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Renowned rural historian to head the Victoria County History project at the Institute of Historical Research

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R Hoyle_Press Photo_300 dpi_largeThe Victoria County History (VCH) project, which publishes historical reference works on English counties and is coordinated by the School of Advanced Study’s Institute of Historical Research, is to get an internationally respected new Director and General Editor.

Part of the University of London, the VCH welcomes the appointment of Richard Hoyle, currently Professor of Rural History at the University of Reading. He takes up his position on 1 October as Professor of English Local and Regional History.

With its scholarly volumes based on original research, the VCH is an important resource not only for county and local historians but also for anyone researching genealogy and family history. As a leading economic and social historian of early modern England, Professor Hoyle brings a wealth of erudition and experience to an initiative that has been built into a national treasure over 115 years and is without parallel.

‘I have long been an admirer of the Victoria County History, which in many respects is the English national history,’ said Professor Hoyle. ‘I look forwards to maintaining both the principles of the founding fathers and the standards achieved by their successors. Under my direction I hope that VCH will continue to offer its readers the very best of the old whilst accepting new challenges. I am very much looking forwards to getting to know the VCH family over the next few months.’

Professor Hoyle has written extensively on the political history of the 16th century but is probably best known as a historian of the economic and social history of many aspects of the English countryside, with publications on subjects as varied as the history of tenure and popular politics in the 16th and early 17th centuries, early modern famine and 19th and 20th century field sports.

He retains a strong interest in the history of northern England, especially the history and landscape of his native Yorkshire.

He is a Fellow of the Academy of Social Sciences and is the long-serving senior editor of Agricultural History Review, the leading English language journal in the field. He is also President of the European Rural History Organization (EURHO).

Professor Miles Taylor, Director of the Institute of Historical Research, said: ‘I am delighted that Richard Hoyle is coming to lead the Victoria County History. He has few rivals as a prolific and original scholar of the social and economic history of rural Britain. He will bring distinction and leadership to the VCH and ensure its remarkable work develops and expands.’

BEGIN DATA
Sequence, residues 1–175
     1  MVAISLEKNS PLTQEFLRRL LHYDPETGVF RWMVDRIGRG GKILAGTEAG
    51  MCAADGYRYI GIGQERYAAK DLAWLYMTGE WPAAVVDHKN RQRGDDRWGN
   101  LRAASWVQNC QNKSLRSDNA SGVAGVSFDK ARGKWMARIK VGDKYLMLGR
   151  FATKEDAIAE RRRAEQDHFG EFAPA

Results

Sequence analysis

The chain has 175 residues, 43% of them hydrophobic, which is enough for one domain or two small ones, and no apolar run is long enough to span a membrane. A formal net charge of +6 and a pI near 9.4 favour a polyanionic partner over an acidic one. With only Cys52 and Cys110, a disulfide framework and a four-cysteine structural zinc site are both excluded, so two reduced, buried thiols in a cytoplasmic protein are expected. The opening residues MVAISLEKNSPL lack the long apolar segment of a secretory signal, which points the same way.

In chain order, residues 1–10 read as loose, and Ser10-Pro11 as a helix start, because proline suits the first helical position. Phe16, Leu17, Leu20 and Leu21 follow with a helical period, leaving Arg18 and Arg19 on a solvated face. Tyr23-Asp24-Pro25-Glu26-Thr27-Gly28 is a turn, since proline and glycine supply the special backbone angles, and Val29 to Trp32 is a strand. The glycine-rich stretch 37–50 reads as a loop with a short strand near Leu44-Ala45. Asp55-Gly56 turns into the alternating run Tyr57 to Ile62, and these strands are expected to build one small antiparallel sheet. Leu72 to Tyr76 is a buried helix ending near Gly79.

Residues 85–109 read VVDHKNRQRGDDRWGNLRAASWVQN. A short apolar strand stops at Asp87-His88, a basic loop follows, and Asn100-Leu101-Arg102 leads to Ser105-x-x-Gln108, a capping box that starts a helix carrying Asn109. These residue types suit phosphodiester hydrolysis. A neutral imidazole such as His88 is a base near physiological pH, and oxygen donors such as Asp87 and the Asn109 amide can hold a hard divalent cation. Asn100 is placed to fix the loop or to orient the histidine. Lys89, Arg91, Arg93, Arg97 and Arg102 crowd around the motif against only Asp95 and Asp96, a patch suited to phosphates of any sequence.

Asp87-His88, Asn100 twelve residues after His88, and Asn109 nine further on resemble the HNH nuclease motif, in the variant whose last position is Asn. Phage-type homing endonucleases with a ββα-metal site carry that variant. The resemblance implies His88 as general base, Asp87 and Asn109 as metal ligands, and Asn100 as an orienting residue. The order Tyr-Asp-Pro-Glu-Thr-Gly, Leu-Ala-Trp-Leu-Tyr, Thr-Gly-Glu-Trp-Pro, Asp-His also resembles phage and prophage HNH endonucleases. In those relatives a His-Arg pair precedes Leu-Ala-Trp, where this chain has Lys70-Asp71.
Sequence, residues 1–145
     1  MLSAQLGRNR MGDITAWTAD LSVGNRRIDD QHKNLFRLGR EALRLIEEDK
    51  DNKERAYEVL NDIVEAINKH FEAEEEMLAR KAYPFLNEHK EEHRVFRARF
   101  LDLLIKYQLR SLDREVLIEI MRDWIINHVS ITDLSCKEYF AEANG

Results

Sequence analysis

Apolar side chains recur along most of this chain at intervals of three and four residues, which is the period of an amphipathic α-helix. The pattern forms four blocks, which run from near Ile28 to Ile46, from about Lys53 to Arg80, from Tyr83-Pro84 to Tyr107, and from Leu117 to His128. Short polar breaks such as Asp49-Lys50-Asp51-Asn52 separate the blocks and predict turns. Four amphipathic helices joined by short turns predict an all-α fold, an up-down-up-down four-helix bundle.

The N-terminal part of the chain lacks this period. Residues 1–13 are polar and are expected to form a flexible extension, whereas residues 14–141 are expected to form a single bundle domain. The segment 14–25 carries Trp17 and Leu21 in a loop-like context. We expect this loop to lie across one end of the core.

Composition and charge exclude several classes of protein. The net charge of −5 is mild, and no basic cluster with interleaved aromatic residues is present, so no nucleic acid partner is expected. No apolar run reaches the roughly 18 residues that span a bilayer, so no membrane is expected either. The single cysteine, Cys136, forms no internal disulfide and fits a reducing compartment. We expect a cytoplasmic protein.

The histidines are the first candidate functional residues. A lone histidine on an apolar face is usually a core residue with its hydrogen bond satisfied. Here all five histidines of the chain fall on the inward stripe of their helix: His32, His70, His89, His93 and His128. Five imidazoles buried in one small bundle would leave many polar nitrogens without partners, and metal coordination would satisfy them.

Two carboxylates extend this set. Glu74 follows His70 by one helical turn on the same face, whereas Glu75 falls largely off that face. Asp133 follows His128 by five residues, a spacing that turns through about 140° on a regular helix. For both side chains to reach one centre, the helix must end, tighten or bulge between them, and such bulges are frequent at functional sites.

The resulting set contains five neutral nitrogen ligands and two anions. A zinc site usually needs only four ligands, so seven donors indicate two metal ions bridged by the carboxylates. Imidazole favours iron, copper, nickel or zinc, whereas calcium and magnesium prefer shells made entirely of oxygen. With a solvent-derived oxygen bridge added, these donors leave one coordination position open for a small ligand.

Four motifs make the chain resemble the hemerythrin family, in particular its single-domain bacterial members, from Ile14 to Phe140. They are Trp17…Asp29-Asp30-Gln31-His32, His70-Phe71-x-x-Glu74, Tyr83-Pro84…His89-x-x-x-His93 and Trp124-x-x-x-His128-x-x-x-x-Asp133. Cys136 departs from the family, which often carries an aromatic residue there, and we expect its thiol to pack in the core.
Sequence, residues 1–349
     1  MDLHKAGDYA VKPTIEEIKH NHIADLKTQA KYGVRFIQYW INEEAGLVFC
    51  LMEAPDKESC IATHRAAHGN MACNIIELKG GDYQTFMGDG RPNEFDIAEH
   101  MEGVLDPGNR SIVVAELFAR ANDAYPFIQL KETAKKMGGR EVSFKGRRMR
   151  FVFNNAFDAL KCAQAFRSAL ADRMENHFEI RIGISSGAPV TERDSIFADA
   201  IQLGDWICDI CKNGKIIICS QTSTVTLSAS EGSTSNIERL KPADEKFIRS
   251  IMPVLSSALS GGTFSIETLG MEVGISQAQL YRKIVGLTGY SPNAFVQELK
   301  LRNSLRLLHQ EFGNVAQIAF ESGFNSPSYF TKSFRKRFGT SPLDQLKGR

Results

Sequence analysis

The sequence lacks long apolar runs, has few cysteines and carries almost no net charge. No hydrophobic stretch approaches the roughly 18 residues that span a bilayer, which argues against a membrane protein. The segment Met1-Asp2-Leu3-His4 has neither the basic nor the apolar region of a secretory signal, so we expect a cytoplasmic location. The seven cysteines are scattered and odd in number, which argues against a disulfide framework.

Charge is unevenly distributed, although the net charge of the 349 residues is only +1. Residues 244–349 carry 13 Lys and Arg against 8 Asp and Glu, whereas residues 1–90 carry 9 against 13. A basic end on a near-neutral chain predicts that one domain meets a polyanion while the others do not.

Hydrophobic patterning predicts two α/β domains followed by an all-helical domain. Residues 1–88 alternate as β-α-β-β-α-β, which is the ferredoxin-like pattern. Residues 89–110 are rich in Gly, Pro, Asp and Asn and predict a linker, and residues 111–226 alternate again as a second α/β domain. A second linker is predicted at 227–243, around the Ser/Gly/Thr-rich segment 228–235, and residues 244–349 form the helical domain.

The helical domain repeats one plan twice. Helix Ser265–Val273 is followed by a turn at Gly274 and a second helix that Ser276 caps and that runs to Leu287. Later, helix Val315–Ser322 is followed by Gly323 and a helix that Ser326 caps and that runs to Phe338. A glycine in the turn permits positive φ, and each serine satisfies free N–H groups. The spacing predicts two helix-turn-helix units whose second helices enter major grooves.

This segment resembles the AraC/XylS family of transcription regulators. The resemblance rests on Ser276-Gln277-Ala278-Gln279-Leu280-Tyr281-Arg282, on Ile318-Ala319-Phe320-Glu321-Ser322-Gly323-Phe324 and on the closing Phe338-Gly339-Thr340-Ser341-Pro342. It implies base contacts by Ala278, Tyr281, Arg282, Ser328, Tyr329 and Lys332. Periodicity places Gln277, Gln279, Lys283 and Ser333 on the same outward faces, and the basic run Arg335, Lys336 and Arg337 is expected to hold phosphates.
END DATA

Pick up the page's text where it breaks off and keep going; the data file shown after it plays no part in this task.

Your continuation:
Notes for editors:

1. For further information please contact Dee Burn at the School of Advanced Study, University of London at dee.burn@sas.ac.uk / 020 7862 8670 / 07900 401 240. Images available on request.

2. Founded in 1899, the Victoria County History (VCH) was originally dedicated to Queen Victoria. It is an encyclopedic record of England’s places and people from earliest times to the present day. Based at the Institute of Historical Research in the University of London since 1933, the VCH is written by historians working in counties across England and is without doubt the greatest publishing project in English history. www.victoriacountyhistory.ac.uk

3. The Institute of Historical Research (IHR), founded in 1921, is one of 10 member institutes of the School of Advanced Study, University of London. It is home to two important research centres and a major open access library, hosts over 60 seminar series and offers doctoral supervision in a wide range of historical subjects. It has a substantial publishing programme, hosts a number of innovative digital research projects, administers fellowships, runs specialist research training programmes and organises a variety of conferences and workshops each year. www.history.ac.uk

4. The School of Advanced Study (SAS) at the University of London is the UK’s national centre for the promotion and support of research in the humanities. The School brings together 10 prestigious research institutes to offer unparalleled academic opportunities, facilities and stimulation across a wide range of subject areas for the benefit of the national and international scholarly community. The member institutes of the School are the Institutes of Advanced Legal Studies, Classical Studies, Commonwealth Studies, English Studies, Historical Research, Latin American Studies, Modern Languages Research, Musical Research, Philosophy, and the Warburg Institute. The School also hosts a cross-disciplinary centre, the Human Rights Consortium, dedicated to the facilitation, promotion and dissemination of academic and policy work on human rights. www.sas.ac.uk 

5. Professor Hoyle is a leading economic and social historian of early modern England, notably of rural society. He was previously a Research Fellow of Magdalen College Oxford, taught for a period at the University of Bristol and has held chairs at the Universities of Central Lancashire and Reading. In 2004-6 he was a British Academy Research Fellow. He is also respected for the contribution he has made to Tudor political history, in particular to the history of the 1520s and 1530s, for his work on popular politics, on taxation and public finance, and the history of the North of England. In the first months of 2014 he was a visiting research fellow at the Folger Shakespeare Library, Washington DC, where he took the opportunity to write about one of rural England’s mythical inhabitants, Robin Hood.